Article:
On October 23rd, 2014, we updated our
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There is no exact definition for the word literacy. Instead, we look at how people use literacy, which depends on what people do in their life and what they are exposed to.“Literacy is a many-meaninged thing.” -Sylvia Scribner
My Research Question How does background and upbringings affect a person’s future view and use of literacy?
I USED THE FOLLOWING SCRIPT:When and where were you born?How do you define literacy?What are some examples of your daily use of literacy?What are your earliest memories of self writing/reading?As a child, were you forced to read or did you do it for fun?What writing/reading resources were available to you as a child?Did your parents prefer that you read certain books (e.i. religious books)?What kind of materials did you have available for school-based assignments?Did your parents encourage you to do your best in school?Do you think your childhood experiences affected your use/view of literacy today?
BEFORE STARTING EACH INTERVIEW, IGAVE EACH INTERVIEWEE A COPY OFMY INFORMED CONSENT FORM FOR THEM TO READ AND SIGN, AS I DID NOT WANT TO VIOLATE ANYONE’S RIGHTS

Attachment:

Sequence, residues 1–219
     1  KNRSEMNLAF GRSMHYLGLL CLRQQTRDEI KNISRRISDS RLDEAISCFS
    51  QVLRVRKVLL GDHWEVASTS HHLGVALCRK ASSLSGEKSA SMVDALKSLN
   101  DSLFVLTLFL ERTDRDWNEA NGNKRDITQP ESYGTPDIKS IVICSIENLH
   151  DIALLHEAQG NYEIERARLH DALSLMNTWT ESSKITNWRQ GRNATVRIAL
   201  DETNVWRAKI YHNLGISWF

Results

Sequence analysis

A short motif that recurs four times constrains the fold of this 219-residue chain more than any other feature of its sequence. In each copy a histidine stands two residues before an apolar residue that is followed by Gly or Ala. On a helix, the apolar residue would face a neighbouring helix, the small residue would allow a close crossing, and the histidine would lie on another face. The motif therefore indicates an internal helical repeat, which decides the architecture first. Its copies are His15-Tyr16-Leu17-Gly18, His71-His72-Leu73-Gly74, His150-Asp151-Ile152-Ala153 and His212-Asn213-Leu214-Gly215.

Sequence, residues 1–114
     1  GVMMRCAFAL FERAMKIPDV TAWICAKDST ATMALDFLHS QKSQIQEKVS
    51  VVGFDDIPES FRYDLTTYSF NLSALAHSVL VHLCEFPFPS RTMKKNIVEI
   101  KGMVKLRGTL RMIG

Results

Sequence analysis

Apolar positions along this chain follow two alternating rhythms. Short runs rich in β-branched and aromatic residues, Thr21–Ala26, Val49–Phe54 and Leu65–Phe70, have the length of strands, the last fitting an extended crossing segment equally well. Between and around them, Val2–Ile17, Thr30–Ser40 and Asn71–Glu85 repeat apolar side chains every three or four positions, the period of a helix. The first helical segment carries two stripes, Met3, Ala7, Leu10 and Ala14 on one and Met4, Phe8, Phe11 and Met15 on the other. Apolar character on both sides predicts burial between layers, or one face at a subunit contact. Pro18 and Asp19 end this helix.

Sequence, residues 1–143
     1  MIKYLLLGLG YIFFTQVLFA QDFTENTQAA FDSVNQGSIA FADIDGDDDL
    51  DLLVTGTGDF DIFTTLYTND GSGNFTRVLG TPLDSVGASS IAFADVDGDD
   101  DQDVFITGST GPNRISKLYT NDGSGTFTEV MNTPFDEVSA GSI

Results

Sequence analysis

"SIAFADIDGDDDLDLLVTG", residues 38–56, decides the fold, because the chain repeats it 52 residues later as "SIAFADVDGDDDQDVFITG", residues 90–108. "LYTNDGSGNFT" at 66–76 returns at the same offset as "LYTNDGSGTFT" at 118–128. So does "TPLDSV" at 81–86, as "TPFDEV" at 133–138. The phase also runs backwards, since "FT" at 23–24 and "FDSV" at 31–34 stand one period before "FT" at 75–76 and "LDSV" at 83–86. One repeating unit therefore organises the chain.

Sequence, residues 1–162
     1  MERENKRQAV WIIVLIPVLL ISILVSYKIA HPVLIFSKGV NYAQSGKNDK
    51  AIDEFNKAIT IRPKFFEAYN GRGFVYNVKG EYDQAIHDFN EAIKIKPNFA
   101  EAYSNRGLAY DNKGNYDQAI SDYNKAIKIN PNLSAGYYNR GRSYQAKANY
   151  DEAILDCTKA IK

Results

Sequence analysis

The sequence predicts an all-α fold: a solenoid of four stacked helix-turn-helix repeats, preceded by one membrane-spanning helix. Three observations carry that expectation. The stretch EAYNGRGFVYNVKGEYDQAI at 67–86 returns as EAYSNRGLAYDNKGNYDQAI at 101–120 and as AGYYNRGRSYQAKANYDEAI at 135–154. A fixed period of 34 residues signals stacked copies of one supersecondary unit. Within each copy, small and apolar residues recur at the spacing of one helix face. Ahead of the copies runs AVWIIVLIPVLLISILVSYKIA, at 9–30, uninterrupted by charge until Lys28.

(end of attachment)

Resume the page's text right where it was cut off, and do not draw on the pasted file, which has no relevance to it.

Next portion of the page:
•Jaz camefromPunjab, India•She joined Greenville HighSchool in 2008
―I define literacy as the ability to read and write ones own language or languages.‖ This was very much expected, as I used to think the same thing before this class
―Asa child, my parents made me read books. Then, I went to school and read the books that the school assigned.‖
―Yes,they always expected me to do my best in school. They still do.‖
―Everyday in everything I do whether its just talking to a friend or participating in a class discussion.‖
―Yes, it definitely does. As a child, I had the opportunity to go to school and gain an education which made me capable of making decisions regarding my further education.‖Barton and Hamilton tell us that literacy practices are“culturally structured” and “have their roots into the past(30).